DHQ: Digital Humanities Quarterly
Volume 3 Number 2
2009 3.2  |  XMLPDFPrint

Done: Finishing Projects in the Digital Humanities

Matthew G. Kirschenbaum  <mgk_at_umd_dot_edu>, University of Maryland


How do we know when we're done? This cluster of articles explores completion and incompletion in the digital humanities from a variety of perspectives.

Done. Way back when I worked as the project manager for the William Blake Archive, there was no more satisfying sequence of characters than those five keystrokes (including punctuation). Record newly received transparencies in project log. Done. Parse files in holding directory. Done. Purchase new scanner. Done. Proofread documentation for image annotation applet. Done. It was easy to measure progress as I ticked off tasks in email messages to the archive’s editors. In time, when enough of these individual tasks were “done,” the project might be finished.
Or would it? How do we know when we’re done? What does it mean to “finish” a piece of digital work? As Bill Kretzschmar points out in his essay, the verb “to finish” can mean to complete or something more like to polish or perfect. What is the measure of “completeness” in a medium where the prevailing wisdom is to celebrate the incomplete, the open-ended, and the extensible? Digital humanities and the electronic publishing ventures associated with it are used to deriving considerable rhetorical mileage and the occasional moral high-ground by contrasting their radical flexibility and mutability with the glacial nature of scholarly communication in the fixed and frozen world of print-based publication.
It is also, let us admit, usually more exciting to begin something than to finish it. We partake in what Julia Flanders has aptly called the culture of the perpetual prototype: the demo, the proof-of-concept, the alpha and beta version. Building things is fun, for a lot of us it’s why we got into this business; debugging and documenting them, tweaking and patching them is not. This tendency extends to our grant cycles as well. In the United States, we now have the great benefit of digital humanities start-up grants, but not dedicated awards for finishing or closing projects. Granting agencies reward innovation and originality, not steady, measured progress. No one writes a grant application to say, “With just two more years of funding we can finish the good work we’ve started. No, we’re not going to be doing anything new. We just want finally to put this thing to bed.”
It may be tempting to write off worn out tools, abandoned projects, and occasionally even outright vaporware as the victims of a rapacious technological obsolescence stalking all our endeavors. But this doesn’t tell the whole story. Nor is the digital humanities unique in its uncertainty — arguably its timidity — over knowing when to call something done. As Silicon Valley journalist Scott Rosenberg suggests, software development has an important analog in a specific point of computational theory, the “halting problem” as defined by Alan Turing. Knowing how or when a particular version or release is finished and ready for public debut is an ongoing and often heated debate among coders. Rosenberg quotes from Alan Cooper’s The Inmates are Running the Asylum: “Software development lacks one key element — an understanding of what it means to be ‘Done’ ” [Rosenberg 2007, 337].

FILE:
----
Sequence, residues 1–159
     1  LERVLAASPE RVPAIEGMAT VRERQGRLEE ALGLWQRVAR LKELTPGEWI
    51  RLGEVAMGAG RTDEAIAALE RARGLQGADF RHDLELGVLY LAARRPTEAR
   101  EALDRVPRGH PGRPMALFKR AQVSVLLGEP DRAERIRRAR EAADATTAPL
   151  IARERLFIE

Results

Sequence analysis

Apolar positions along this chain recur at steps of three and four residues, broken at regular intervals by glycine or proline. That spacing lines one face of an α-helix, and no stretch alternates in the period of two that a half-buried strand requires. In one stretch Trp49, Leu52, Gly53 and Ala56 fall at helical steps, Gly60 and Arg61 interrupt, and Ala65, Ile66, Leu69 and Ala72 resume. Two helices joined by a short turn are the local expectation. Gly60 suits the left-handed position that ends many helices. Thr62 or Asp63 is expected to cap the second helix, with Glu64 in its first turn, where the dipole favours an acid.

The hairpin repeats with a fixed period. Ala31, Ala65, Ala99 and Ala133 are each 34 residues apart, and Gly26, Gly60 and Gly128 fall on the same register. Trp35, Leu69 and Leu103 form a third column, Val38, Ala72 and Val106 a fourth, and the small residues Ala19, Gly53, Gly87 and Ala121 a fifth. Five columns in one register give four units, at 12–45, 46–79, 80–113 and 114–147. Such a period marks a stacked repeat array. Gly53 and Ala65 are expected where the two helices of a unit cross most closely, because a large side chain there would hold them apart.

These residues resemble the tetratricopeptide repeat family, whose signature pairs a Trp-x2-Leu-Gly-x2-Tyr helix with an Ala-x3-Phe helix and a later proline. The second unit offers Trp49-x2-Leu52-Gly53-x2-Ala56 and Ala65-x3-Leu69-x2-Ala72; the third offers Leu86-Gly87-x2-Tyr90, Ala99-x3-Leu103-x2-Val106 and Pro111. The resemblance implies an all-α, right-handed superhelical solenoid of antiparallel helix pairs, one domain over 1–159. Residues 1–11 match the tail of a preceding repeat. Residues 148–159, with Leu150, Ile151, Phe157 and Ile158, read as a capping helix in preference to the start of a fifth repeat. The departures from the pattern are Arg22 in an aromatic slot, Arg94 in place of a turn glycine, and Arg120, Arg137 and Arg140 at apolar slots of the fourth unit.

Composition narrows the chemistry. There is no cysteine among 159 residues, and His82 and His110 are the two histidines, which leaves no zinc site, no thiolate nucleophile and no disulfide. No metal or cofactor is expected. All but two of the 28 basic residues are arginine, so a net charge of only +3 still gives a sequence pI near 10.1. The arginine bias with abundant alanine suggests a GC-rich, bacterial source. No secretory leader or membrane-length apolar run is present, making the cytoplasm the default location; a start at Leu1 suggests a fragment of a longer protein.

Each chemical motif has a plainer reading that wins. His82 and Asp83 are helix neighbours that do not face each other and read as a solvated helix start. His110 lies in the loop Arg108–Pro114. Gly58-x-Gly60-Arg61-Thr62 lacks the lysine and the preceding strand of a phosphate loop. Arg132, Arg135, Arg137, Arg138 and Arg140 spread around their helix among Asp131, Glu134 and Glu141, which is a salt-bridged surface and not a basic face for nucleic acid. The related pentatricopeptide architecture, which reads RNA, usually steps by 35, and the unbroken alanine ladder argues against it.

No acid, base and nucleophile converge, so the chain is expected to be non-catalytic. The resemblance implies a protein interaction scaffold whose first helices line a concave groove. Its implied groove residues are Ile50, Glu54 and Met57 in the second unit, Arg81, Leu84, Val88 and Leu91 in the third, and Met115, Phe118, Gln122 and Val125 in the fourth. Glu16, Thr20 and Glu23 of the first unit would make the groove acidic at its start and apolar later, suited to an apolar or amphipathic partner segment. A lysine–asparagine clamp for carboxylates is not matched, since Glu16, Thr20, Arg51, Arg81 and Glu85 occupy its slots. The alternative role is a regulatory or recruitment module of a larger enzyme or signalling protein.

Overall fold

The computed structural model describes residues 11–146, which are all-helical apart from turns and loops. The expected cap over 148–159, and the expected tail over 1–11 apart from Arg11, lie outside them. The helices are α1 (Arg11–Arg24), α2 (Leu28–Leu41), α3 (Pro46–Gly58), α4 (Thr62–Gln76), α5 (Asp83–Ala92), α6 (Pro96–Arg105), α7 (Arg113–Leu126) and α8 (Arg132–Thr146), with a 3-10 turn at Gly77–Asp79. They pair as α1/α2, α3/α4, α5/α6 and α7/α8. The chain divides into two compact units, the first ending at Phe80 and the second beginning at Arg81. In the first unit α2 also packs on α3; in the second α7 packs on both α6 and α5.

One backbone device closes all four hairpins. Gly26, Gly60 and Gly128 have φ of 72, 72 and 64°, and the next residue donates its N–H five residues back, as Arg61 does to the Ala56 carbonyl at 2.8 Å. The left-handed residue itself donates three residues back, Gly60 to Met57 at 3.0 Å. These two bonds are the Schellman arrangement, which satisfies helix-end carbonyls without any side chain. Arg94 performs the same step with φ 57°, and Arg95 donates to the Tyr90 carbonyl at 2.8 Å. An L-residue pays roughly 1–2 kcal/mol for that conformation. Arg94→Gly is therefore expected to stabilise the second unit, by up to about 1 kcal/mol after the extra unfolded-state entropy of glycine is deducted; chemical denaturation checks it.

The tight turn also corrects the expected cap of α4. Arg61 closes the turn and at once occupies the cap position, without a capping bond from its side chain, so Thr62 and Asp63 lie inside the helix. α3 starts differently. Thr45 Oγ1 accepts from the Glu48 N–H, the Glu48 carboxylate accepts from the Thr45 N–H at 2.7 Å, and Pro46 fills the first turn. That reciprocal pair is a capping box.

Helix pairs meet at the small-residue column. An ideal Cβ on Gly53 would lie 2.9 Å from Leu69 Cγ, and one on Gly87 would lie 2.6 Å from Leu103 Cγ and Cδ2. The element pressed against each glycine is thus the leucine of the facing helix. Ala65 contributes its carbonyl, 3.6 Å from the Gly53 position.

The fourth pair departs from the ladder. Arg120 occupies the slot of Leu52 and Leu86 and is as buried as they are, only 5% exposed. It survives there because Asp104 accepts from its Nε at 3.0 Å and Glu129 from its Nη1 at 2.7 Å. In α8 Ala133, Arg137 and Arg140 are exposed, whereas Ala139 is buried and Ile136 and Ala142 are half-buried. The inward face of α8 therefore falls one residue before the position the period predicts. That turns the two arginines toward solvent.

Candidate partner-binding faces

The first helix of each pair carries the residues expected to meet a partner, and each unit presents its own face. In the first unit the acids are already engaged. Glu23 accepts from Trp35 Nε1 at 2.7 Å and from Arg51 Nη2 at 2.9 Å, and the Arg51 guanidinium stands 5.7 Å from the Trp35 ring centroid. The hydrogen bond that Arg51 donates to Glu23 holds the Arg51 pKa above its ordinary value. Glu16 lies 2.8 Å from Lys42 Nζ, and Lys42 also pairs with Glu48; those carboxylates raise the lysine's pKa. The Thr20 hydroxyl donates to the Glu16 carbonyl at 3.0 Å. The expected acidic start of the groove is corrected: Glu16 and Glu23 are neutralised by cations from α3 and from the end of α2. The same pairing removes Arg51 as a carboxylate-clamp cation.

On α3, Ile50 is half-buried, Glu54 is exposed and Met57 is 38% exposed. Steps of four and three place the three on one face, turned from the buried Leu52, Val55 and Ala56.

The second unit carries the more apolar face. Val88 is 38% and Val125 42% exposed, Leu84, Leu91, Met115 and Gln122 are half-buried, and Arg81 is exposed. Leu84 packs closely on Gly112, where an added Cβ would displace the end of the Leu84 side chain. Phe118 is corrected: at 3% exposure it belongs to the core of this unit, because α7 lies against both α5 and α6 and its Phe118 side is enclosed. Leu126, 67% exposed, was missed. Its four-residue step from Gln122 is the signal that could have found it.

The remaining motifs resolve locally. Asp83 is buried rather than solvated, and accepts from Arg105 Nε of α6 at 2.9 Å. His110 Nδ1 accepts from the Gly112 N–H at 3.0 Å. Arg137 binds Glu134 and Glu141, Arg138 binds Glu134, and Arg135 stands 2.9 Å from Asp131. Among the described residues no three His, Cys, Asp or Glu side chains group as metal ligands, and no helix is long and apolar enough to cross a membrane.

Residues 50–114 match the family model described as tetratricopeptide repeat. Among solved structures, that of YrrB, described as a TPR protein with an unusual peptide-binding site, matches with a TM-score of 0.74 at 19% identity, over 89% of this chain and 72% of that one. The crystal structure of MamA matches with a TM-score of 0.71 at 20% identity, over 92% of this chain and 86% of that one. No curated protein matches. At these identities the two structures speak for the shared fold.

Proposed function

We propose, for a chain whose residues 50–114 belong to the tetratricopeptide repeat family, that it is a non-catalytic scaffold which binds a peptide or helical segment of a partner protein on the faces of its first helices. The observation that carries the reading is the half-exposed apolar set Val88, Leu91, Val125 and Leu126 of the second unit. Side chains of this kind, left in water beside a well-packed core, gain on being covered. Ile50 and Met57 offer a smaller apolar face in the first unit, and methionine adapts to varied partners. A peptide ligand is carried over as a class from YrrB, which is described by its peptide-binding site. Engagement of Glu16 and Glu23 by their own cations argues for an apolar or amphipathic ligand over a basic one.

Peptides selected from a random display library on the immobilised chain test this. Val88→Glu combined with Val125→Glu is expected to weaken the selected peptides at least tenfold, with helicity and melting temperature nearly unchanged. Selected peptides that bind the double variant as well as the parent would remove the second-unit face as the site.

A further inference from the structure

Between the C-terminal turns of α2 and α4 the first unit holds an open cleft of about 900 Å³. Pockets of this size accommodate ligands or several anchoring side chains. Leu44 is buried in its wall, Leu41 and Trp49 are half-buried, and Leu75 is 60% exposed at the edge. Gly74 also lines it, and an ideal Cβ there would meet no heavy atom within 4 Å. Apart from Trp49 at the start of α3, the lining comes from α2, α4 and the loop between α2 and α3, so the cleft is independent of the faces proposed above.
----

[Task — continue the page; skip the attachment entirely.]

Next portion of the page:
But we cannot escape the pressure of milestones, deadlines, deliverables, and products (as opposed to projects) as the measure of academic success and the currency of professional promotion and reward. They are also what allow our work to escape a small circle of developers and enthusiasts and become part of a larger scholarly community, where it can be used in the consequential manner presumably always intended.
At Digital Humanities 2007 I organized a panel to begin addressing what it actually means to finish work that we’ve started. The essays that follow are significantly revised and expanded from the remarks the authors presented at the conference. William A. Kretzschmar’s piece traces the local history of one particular project, grafting milestones and markers of what’s been “done” to various versions and releases as his tools and technologies evolve. His remarks raise issues not only for how one assesses closure, but also digital preservation and version control. David Sewell addresses the questions I posed from the perspective of a publisher. His work at the University of Virginia Press’s Rotunda digital imprint offers a different context, one where finding some measure of “done” is a professional and financial necessity. Finally, Susan Brown and her colleagues from the Orlando project offer the view from one of the largest and longest running undertakings in the digital humanities, at the moment when the project has gone to press. Brown discusses what got done and what it will take for it to stay that way.

Works Cited

Rosenberg 2007  Rosenberg, Scott. Dreaming in Code. New York: Crown, 2007.
2009 3.2  |  XMLPDFPrint